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Quote of the Day - The statement attributed to Mr. Reiss has been mischaracterized as a threat, ... It was not. The statement was a figure of speech used in a voice mail message in a context of a longstanding business dispute over the merits of a deal to have the stock exchange go public. - Cyrus Vance
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How To Lose A CEQA Appeal, Even When You Win

There's A Difference Between Spin And Mischaracterization

And so goes the appellate court opinion, which not too cryptically notes, "Petitioners do not have to believe the County's evidence, but as appellants they have a duty to confront it.  As Developer and the City point out, petitioners make many such misstatements and omissions."

Wow. In other words, once you abuse our trust, you lose our trust, which is one interpretation of this California Environmental Quality Act appeal.

Sometimes what you may in your wildest dreams think or believe is not what you should write down on paper, especially if you're going to submit that paper in the form of a brief to a court of appeal.   

Here's what the Plaintiffs claim:  "they imply the Project will raze prime farmland and "obliterate" "irreplaceable wetlands."

The appellate court takes issue with that claim:  "Although some land is farmed and some has vernal pools, all has been in the general plan's 'Urban Growth Area' since 1993, only 'isolated' pieces of farmland are considered 'prime' and those are too small 'to be farmed on a practical basis,' and wetlands loss will be mitigated by a preserve and offsite restoration."

Not all that's in your imagination needs to make it to your argument.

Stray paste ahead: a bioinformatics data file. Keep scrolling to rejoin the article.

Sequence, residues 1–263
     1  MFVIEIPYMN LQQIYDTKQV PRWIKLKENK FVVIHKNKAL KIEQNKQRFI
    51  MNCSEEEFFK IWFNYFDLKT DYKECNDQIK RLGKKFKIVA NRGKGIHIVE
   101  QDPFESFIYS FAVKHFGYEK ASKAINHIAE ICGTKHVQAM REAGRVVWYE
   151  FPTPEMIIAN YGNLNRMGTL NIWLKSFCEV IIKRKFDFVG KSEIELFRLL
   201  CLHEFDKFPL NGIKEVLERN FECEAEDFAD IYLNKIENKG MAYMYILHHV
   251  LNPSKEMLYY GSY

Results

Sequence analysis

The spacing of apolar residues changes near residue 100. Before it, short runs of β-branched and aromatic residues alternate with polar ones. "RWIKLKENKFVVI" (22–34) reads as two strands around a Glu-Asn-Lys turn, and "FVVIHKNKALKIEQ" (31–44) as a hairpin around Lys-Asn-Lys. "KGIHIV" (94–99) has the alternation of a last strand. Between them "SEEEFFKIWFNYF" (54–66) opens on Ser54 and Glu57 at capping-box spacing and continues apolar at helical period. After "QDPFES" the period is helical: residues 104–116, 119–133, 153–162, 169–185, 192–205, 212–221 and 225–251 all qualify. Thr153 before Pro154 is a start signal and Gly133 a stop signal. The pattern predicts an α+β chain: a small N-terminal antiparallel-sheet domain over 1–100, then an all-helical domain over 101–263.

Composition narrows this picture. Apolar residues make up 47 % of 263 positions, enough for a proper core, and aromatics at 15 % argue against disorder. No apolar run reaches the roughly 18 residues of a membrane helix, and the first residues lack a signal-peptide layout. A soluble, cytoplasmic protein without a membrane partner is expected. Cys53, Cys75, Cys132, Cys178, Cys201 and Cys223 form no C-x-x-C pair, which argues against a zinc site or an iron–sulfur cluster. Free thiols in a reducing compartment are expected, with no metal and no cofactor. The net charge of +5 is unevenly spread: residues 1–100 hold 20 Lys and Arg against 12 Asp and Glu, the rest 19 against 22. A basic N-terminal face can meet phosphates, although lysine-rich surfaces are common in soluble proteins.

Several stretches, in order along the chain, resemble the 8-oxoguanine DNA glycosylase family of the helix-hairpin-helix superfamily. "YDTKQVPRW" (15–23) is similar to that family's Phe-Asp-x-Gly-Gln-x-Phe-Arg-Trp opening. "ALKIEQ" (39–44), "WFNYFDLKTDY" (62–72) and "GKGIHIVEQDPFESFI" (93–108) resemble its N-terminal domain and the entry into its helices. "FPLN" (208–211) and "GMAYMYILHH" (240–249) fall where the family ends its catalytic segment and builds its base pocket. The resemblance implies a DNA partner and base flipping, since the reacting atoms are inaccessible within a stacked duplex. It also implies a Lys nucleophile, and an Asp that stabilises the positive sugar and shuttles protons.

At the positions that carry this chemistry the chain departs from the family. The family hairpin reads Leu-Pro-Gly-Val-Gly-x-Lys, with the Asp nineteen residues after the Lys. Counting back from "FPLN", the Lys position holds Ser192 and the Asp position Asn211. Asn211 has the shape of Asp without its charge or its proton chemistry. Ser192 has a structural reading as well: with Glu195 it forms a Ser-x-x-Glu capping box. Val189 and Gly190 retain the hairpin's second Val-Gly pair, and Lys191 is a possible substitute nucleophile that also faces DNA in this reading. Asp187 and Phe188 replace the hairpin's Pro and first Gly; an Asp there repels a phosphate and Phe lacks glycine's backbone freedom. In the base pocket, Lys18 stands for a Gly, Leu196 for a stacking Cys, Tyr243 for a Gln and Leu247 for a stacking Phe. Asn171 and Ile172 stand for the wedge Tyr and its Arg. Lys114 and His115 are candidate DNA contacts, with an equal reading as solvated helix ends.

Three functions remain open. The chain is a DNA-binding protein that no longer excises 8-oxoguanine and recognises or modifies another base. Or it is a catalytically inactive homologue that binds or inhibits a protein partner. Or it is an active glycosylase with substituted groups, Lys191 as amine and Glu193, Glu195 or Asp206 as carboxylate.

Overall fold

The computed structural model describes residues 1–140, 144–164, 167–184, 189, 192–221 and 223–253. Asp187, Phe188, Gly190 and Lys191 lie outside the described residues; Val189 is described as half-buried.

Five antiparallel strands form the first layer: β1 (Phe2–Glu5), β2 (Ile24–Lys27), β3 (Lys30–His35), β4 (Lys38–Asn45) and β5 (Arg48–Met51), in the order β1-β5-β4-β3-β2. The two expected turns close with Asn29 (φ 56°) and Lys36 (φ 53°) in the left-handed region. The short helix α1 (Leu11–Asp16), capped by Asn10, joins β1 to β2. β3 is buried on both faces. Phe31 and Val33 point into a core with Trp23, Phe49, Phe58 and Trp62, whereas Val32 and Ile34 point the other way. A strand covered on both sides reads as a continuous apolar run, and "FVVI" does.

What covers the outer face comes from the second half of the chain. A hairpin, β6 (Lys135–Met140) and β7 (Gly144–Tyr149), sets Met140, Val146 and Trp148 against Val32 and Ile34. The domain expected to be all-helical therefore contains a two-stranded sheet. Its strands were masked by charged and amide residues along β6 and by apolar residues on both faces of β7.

The appellate court isn't finished, however.  "As another example, petitioners claim the Project will 'obliterate' Morrison and Laguna Creeks."

While that may be imagined, the court's not buying it:  "Such hyperbole is unsupported by the record, which shows these 'are normally dry creek beds' and that the Project as approved preserves Laguna Creek by creating an open space corridor, and that Morrison Creek crosses 'a small portion' of a corner of the Project land which will be subject to a site-specific design process subject [...] to approval by the Department of Fish and Game."

Needless to say, the resulting opinion doesn't  look too favorably on Plaintiff's arguments, despite sending it back to the trial court for further proceedings, as ordered by the California Supreme Court.  There's a way to get back to the trial court with your arguments intact, and there's another way.

Mischaracterize the facts, and you're likely to lose your legal arguments, too.  MIPTC expresses no opinion on how this case will ultimately turn out other than to observe that there are likely better ways to reach a resolution.  A victory at the Supreme Court level doesn't guarantee a victory at the trial court level, apparently.

Printer friendly page Permalink Email to a friend Posted by J. Craig Williams on Tuesday, July 17, 2007 at 23:24 Comments Closed (0) |
 
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